As lightweight frameworks, Agile and Scrum are not intended to be comprehensive. They do not address risk management, product strategy and other areas that comprise the slew of activities to enable and sustain product launch, continual enhancement and maintenance. When auditing Agile, it is important for auditors to realize that enterprises employing Scrum or Agile are not running on empty—there are indeed artifacts and ceremonies from a process perspective and metrics to track test coverage and automated test results from an outcome perspective. Perhaps, more important, auditors are best served by seeing that Agile, like its waterfall predecessor, is not a silver bullet to resolving the age-old struggle of bridging compliance and security with software.

Endnotes

1 This article uses several Agile terms that are critical to understanding. A sprint is a set period of time during which specific work has to be completed and made ready for review. A burndown chart is a graphical representation of work left to do vs. time. A product backlog is a prioritized features list containing short descriptions of all functionality desired in the product.
2 Royce, W.; Managing the Development of Large Software Systems, Technical Papers of Western Electronic Show and Convention (WesCon), 25–28 August 1970, Los Angeles, California, USA
3 Johnson, J.; Standish Group Study reported at XP2002
4 Ostergaard, J.; “Why Scrum Is So Hard,” 20 August 2009, http://www.slideshare.net/marakana99/jens-stergaard-on-why-scrum-is-so-hard-2416688
5 North, D.; “Introducing BDD,” Better Software, March 2006, http://dannorth.net/introducing-bdd/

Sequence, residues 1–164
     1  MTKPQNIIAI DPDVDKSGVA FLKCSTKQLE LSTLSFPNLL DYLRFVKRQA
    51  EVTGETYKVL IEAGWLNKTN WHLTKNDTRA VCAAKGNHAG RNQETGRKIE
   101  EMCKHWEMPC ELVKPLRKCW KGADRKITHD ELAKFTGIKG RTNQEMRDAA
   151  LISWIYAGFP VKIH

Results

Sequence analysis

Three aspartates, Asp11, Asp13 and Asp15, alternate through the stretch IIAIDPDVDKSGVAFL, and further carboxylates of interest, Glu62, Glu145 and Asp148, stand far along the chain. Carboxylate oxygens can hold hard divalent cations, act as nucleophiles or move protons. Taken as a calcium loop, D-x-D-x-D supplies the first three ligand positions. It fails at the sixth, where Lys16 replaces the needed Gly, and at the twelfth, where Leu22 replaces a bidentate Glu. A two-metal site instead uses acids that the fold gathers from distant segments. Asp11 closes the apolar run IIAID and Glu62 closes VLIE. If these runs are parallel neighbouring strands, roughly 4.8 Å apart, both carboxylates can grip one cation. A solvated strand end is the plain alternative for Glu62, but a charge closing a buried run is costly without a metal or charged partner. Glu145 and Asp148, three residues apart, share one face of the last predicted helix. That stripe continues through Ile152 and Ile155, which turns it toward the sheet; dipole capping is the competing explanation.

6 Ibid.
7 Beohm, B.; V. Basili; “Software Defect Reduction Top 10 List,” Computer, vol. 34, iss. 1, January 2001, p. 135-137
8 Nagappan, N.; E. Maximilien; T. Bhat; L. Williams; “Realizing Quality Improvement Through Test Driven Development: Results and Experiences of Four Industrial Teams,” Empirical Software Engineering, vol. 13, iss. 3, June 2008
9 Takeuchi, H.; I. Nonaka; “The New Product Development Game,” Harvard Business Review, 64, no. 1, January-February 1986
10 Cram, W. A.; M. K. Brohman; “Controlling Information Systems Development: A New Typology for an Evolving Field,” Information Systems Journal, 23 (2), 2013, p. 137-154
11 Power, M.; The Audit Society: Rituals of Verification, Oxford University Press, UK, 1997
12 The CHAOS Manifesto, The Standish Group, 2012

Chong Ee, CISA, CGEIT, is a senior finance systems manager with Twilio, a cloud communications company based in San Francisco, California, USA. Ee is focused on optimizing the use and integration of financial cloud applications. Most recently, he implemented NetSuite and other Software as a Service solutions at Trulia to support the company’s growth from startup through initial public offering and then as a public company. Before this, Ee spent 13 years in various compliance, audit and consultant capacities for Big Four audit firms, Fortune 500 companies and startups. Ee is a certified NetSuite ERP Consultant and NetSuite Administrator.